My rotation, the cost for each, and the results (for me) are as follows:

  • January 1: ($130 for a Scifi Listing) Last run, 15,239 downloads on the day of the ad  *Bookbub is by far the best of any ad site. I skip 30 days for this one
  • February 1: ($0, for now. They will soon charge for free listings) Last run, 376 downloads on the day of the ad
  • February 15: ($5) Last run, 487 downloads on the day of the ad
  • March 1: ($0--free books are free listings) Last run, 1522 downloads on the day of the ad *2nd best results I've ever had, I skip 30 days for this one
  • April 1: ($50) Last run, 538 downloads on the day of the ad
  • April 15: ($8 premium) 155 downloads on the day of the ad
  • May 1: ($25) Last run, 423 download on the day of the ad
  • May 15: ($5) Last run, 128 downloads on the day of the ad
  • June 1: ($50) Last run, 667 downloads on the day of the ad *3rd best results, I skip 30 days for this one
  • *repeat beginning July 1
As you can see, you don't always get what you pay for. High cost does not always equate to the highest yield in sales, but these sites are the ones that have given me the best results. I can tell you this: I'm averaging over $1,500 per month in sales, and I'm spending $510 a year in advertising. It's a no-brainer.

Bookbub is the site that will "make you," but recognize that they are choosy. They decline 90% of their submissions. It took me 7 attempts (once a month) to get approved for an ad, but it was worth it. If they decline you, don't give up. Set a reminder for yourself and submit again 30 days later per their policy. Persistence will pay off.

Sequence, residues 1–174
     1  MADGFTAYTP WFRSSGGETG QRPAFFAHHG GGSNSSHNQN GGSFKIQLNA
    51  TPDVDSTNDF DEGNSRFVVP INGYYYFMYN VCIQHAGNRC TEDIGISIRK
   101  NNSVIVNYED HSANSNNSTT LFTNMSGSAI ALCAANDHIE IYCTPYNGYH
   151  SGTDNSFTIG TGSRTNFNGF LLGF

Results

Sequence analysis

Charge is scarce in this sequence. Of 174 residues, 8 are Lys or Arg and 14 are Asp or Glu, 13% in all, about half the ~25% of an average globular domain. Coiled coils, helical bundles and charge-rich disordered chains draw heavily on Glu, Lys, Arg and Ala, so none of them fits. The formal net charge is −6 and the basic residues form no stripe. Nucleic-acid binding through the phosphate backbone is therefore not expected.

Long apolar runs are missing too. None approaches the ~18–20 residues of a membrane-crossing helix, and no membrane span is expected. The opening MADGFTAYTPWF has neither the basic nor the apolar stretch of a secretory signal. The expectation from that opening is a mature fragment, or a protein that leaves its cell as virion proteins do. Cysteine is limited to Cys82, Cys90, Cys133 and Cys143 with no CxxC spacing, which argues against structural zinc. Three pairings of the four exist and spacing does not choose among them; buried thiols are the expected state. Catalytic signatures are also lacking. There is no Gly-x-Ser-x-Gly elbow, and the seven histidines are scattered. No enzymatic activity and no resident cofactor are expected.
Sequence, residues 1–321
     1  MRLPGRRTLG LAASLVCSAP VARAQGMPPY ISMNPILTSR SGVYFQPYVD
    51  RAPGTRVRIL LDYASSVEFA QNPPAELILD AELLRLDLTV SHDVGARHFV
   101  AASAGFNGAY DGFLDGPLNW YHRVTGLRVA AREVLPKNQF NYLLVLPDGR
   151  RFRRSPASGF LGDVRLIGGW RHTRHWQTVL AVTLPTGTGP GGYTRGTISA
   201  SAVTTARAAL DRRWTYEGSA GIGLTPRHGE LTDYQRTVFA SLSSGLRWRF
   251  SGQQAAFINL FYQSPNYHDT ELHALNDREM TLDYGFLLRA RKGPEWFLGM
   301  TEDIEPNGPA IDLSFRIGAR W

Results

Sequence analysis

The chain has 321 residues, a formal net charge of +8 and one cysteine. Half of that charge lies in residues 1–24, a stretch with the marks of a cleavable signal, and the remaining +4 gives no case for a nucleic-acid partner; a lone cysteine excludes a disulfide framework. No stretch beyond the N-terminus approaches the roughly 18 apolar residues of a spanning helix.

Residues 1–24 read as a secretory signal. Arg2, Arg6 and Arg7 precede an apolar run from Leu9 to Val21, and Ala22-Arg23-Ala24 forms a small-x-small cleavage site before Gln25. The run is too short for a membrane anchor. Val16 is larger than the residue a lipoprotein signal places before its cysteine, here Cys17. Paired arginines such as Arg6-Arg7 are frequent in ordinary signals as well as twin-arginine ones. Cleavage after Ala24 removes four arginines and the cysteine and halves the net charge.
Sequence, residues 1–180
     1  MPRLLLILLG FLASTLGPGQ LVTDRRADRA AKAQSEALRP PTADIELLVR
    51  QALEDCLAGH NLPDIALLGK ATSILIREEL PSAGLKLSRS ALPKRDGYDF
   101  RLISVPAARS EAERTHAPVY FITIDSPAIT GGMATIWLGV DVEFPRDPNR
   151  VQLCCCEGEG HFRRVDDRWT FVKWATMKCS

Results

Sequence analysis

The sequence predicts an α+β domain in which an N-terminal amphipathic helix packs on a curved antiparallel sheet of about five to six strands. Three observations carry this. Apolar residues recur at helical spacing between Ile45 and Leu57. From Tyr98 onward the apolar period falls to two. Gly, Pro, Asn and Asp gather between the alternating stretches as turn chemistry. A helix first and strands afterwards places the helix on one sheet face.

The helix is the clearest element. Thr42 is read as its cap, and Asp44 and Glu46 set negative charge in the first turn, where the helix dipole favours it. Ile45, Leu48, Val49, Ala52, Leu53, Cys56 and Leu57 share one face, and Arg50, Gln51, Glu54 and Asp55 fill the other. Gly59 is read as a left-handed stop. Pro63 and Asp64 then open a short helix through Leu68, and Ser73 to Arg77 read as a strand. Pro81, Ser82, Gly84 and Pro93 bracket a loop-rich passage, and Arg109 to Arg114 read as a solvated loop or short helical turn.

Now for the ugly: the sites that didn't yield results for me.
  • ads: don't do it. I put $50 in their fund, have changed the layout and wording of my ad dozens of times, and have had no results.
  • Google Adwords: you pay per click. If someone clicks on your ad, it costs you. But that doesn't guarantee a sale. I did them for six months, spent over $300, never saw any increase in sales.
  • Hotzippy ( and Very professional site. It gives you confidence just looking at it, but I saw no increase in downloads. $30.
  • I really like this site, and I really like the owner, Vinny, but it didn't help sales. It was only $10 though, so maybe worth a try again in the future.
  • no spike in sales, not even a blip. $15.
  • Spent $50 for the ad and actually saw a decrease in sales on the day it went out.
There are other sites that advertise books, many of them. I realize I haven't listed them all, but these are the ones I've used. I welcome comments, insight, or experiences from other authors that aren't the same as mine for comparison, especially with regard to sites I haven't mentioned.

I know how hard it is to find good advertising in this business. I know it can feel like every other author out there is in direct competition with you, and yes--they are, to some degree. But the great thing about books is that it isn't like "Big Mac" vs "The Whopper". Readers will try both, and if both products are good they'll come back for more from both authors. So for me, I'm happy to share the way I operate with other writers.

I hope I've been helpful.

Are you a fan? For new releases and author news, you can sign up for my mailing list HERE.

No comments:

Post a Comment

Note: Only a member of this blog may post a comment.